sat 20/07/2024

Rice, Ridout, Drake / A Human Document, Oxford International Song Festival review - a cornucopia of song, speech and vision | reviews, news & interviews

Rice, Ridout, Drake / A Human Document, Oxford International Song Festival review - a cornucopia of song, speech and vision

Rice, Ridout, Drake / A Human Document, Oxford International Song Festival review - a cornucopia of song, speech and vision

Young artists, word, and image enrich two remarkable events in the Holywell Music Room

A perfect trio: viola-player Timothy Ridout, mezzo-soprano Christine Rice and pianist Julius DrakeRidout image by Kaupo Kikkas, Rice by Patricia Taylor and Drake by Marco Borggreve

The word “great” is going to be stated, or implied, rather a lot here. Christine Rice is, after all, one of the world’s great mezzos, and her partnership with Julius Drake has long been something to seek out at every opportunity. Add to the mix a young viola player already in the top league, Timothy Ridout, and a programme featuring music by an individual voice among composers, Rebecca Clarke, and there was reason enough to travel to Oxford yesterday.

Hopes were movingly rewarded. But other riches emerged, thanks to the rainbow net spread wide of what is now the Oxford International Song Festival, formerly Oxford Lieder, masterminded by the pioneering Sholto Kynoch, The global reach was exemplified by a Korean baritone singing in Welsh and a French soprano delivering Finnish, two more than just promising young singers possessed of vivid communicative skills, partnered by two very fine pianists. I also discovered what I should have found out much earlier – that the late Tom Phillips, the day’s featured artist in this year’s festival theme of Art: Song - Images/Words/Music, was a truly great only-connecter.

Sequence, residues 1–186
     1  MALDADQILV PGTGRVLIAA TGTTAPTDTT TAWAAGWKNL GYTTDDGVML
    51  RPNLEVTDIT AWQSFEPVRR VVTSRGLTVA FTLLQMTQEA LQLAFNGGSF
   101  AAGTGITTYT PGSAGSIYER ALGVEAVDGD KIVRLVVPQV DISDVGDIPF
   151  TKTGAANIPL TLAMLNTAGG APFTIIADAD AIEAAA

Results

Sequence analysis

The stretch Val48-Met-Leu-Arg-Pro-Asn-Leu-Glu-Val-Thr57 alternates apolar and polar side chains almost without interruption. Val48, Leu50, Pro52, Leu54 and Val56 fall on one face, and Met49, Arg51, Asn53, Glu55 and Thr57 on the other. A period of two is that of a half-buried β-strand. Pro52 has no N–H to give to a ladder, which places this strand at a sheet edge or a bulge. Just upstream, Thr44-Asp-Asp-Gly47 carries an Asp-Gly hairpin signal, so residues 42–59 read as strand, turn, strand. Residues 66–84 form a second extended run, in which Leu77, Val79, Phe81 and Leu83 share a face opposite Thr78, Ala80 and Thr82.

Oxford International Song FestivalNow kicking myself for not getting there at lunchtime to hear Lotte Betts-Dean and Joanna MacGregor, with Phillips texts read by Samuel West, in a lunchtime recital that according to Tom’s widow, Fiona Maddocks, “had the audience whooping”. But we also whooped, or at least cheered to the rafters, soprano Clara Barbier Serrano and pianist Joanna Kacperek (pictured right), the young song duo who punctuated the 5pm event’s discussions of the amazing oeuvre between Bodley's Librarian Richard Ovenden, Maddocks – introducing an incredible range of work we also saw projected on the walls of the beautiful Holywell Music Room – and inspirational director Netia Jones, who became acquainted with Phillips’ work as a 13-year-old and collaborated with him on a very singular kind of opera, Irma. What a polymath he was, how originally he applied his knowledge and how reassuring that he made his individual way in Oxford, which used to be less alll-embracing, at least in the 1980s when my bid to do a phD there, with willing supervisors in various departments, was rejected on the grounds that "we are not an interdisciplinary university".

Each musical strand had a watercolour roundel by Phillips inspired by the Debussy in question. Kacperek launched, burning the mists off the composer in a well-defined but still poetic “Jardins sous la pluie”. I’m not one to comment much on concert wear, but the drops shimmering on her white dress had their equivalent in the painting. The third of her solos, L’isle Joyeuse, culminated in Dionysiac exaltation. Barbier Serrano hones her resonant soprano to white-note slivers of sound which suited Lili Boulanger’s “Elle est gravement gaie” and Kaija Saariaho’s “Rauha” (“Peace”) to perfection, while the last verse of Marguerite Canal’s “Les trois princesses” refined the sound to create a unique magic. I’ll be looking forward to hearing more from this very stylish singer in a programme of commissioned and other works based on Irish writers in Paris at the Bloomsbury Festival on Sunday.